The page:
15. “And you are right – there are forums where lifting up your voice will invite bullying. We don’t have to go there. We can support forums where that doesn’t occur.”

    Yes, this is always true. Interestingly, this environment creates a situation where the “sane” people mostly stay away from a lot of forums (and by “sane” I mean the majority of people who don’t enjoy endless contention). And this tends to create a “group-think” environment at the bullying forums, where the acceptable views can all fit on a 3X5 card. This “group-think” environment reinforces existing prejudices because nobody ever challenges the acceptable views. And because the acceptable views are never challenged, the bullies cannot ever imagine that anybody could possibly think differently than they do (without be racist, a homophobe, hick, red neck, etc, etc). So, the people who populate the bullying forums begin to see their position as justified because all people who disagree with them are evil. And the natural result is even more contention. This is why, with all due respect, I don’t think things will ever “get better” on the blogs until perhaps the Millennium. In the meantime, those of us who want to have polite conversations or express unpopular views will just have to continue in our little corners of the internet ignoring the bullies altogether.

  16. I really think Geoff has given a great example of what happens when no one challenges false assertions within these “echoing chambers.”

    These “echo chambers” set themselves up as “agents of change.” They get themselves interviewed by newspapers as “authorities” on the Church. They give unfair, biased, coverage of issues, calling anyone who disagrees with them various names. Then unsuspecting people like my MiL let themselves get unneccessarily agitated, exactly the response that these people are hoping for.

    Now if I were to be unaware of these things, I may not know how to provide context to the stories. What’s that saying about, “Keeping your friends close, and your enemies closer?” “Know thy enemies.”

  17. The idea of the Church as the “kingdom of God” creates an interesting dynamic. On the one hand, it’s the kingdom of God, so we each feel a deep and powerful interest in the way it is run. On the other hand, it’s the kingdom of God, so none of us has much say in the way it’s run. That creates a feeling of desperation, I think–among the leftists; that they are powerless to actually change anything; and among the rightists; that they are powerless to guarantee that the status quo will remain in place indefinitely.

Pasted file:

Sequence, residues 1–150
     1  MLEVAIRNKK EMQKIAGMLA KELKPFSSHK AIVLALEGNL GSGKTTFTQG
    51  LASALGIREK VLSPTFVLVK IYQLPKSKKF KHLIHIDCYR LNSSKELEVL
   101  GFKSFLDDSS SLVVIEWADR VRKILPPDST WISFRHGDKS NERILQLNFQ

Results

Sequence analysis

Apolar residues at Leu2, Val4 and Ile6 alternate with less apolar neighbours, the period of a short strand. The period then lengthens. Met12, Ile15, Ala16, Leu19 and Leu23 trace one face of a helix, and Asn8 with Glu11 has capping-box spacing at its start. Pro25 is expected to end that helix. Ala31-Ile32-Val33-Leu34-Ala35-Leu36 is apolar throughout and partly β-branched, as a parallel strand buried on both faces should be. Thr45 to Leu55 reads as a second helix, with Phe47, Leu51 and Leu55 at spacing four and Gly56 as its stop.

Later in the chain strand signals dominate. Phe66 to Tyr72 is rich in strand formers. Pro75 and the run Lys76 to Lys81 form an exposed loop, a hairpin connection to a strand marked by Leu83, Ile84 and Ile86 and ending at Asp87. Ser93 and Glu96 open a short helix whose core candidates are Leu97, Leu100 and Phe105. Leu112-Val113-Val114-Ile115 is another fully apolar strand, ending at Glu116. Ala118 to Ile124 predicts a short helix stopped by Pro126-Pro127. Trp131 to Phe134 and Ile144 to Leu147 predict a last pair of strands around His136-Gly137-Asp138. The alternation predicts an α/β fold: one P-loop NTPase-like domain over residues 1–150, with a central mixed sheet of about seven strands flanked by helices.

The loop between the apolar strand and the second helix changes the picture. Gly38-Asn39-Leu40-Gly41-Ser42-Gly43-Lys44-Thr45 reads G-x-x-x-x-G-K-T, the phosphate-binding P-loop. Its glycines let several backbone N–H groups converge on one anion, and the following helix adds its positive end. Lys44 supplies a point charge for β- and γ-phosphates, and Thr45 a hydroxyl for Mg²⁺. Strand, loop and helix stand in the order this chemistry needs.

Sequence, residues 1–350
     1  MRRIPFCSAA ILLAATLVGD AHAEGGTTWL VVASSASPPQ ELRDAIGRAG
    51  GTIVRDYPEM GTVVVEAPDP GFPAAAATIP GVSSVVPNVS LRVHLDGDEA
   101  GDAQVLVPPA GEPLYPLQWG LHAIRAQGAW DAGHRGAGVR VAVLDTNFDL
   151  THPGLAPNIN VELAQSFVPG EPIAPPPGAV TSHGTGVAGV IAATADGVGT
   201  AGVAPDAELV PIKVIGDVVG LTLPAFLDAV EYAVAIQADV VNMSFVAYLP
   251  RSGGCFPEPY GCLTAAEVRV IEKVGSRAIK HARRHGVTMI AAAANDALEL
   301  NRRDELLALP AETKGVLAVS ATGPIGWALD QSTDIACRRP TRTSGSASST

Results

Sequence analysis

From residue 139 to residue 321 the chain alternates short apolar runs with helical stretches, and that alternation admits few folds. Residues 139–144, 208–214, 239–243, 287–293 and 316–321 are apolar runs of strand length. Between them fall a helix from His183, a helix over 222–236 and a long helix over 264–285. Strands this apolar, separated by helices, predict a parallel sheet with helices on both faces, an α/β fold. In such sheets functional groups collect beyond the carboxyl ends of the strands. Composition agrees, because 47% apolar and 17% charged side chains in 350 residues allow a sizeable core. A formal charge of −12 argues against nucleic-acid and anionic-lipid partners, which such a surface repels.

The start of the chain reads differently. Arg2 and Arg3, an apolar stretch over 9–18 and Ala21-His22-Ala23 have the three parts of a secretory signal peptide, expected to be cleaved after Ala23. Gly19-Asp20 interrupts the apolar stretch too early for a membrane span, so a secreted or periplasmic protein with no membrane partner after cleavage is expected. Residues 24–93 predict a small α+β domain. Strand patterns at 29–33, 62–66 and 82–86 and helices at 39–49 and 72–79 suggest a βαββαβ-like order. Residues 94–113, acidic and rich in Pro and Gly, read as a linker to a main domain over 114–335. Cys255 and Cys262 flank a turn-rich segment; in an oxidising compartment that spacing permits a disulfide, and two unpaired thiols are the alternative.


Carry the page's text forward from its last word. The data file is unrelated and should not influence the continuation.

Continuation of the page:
18. [Trying again; previous attempt to use HTML for emphasis failed miserably]

    The idea of the Church as the “kingdom of God” creates an interesting dynamic. On the one hand, it’s the kingdom OF GOD so we each feel a deep and powerful interest in the way it is run. On the other hand, it’s the KINGDOM of God, so none of us has much say in the way it’s run. That creates a feeling of desperation, I think–among the leftists; that they are powerless to actually change anything; and among the rightists; that they are powerless to guarantee that the status quo will remain in place indefinitely.

  19. Jim, FWIW, I consider the whole change versus status quo argument without merit. It is today’s conservatives that are seeking change, in the executive branch; in the legality of abortion, etc.

    The “conservative group” of LDS isn’t trying to keept things from changing, we’re trying to make sure that the church is still being led by its proper authorities, instead of malcontents and “change-makers”.

  20. h_nu, FWIW, while I acknowledge there’s a hefty amount of overlap, I’m talking primarily about theological conservatives/liberals, not necessarily political conservatives/liberals.

  21. I think the major reason there is a lot of heated discussion, or argument, or contention – whatever one wants to call it, is that most of us think we have figured out what is true and almost none of us are very good separating what has actually been revealed (actually very very little) from what we (only) believe is true. We rarely see a bright line between revealed truth and what we think is revealed truth. So when someone else asserts that the opposite of what we believe to be revealed truth is the “real” revealed truth we tend to get defensive. Then going beyond that most of us have a large set of beliefs built up about where individual responsibility and church/community responsibility overlap and where they don’t which we again think are logical outgrowths from what we think revealed truth is. Since we often disagree about what revealed truth is, we really really disagree about the belief system based on our opinions. Since we tend to believe truth is both knowable and consistent when someone claims the opposite of what we believe to be true we (logically) see that to mean they are saying the core values we hold (as revealed truth) are based on false doctrine – that tends to annoy most of us.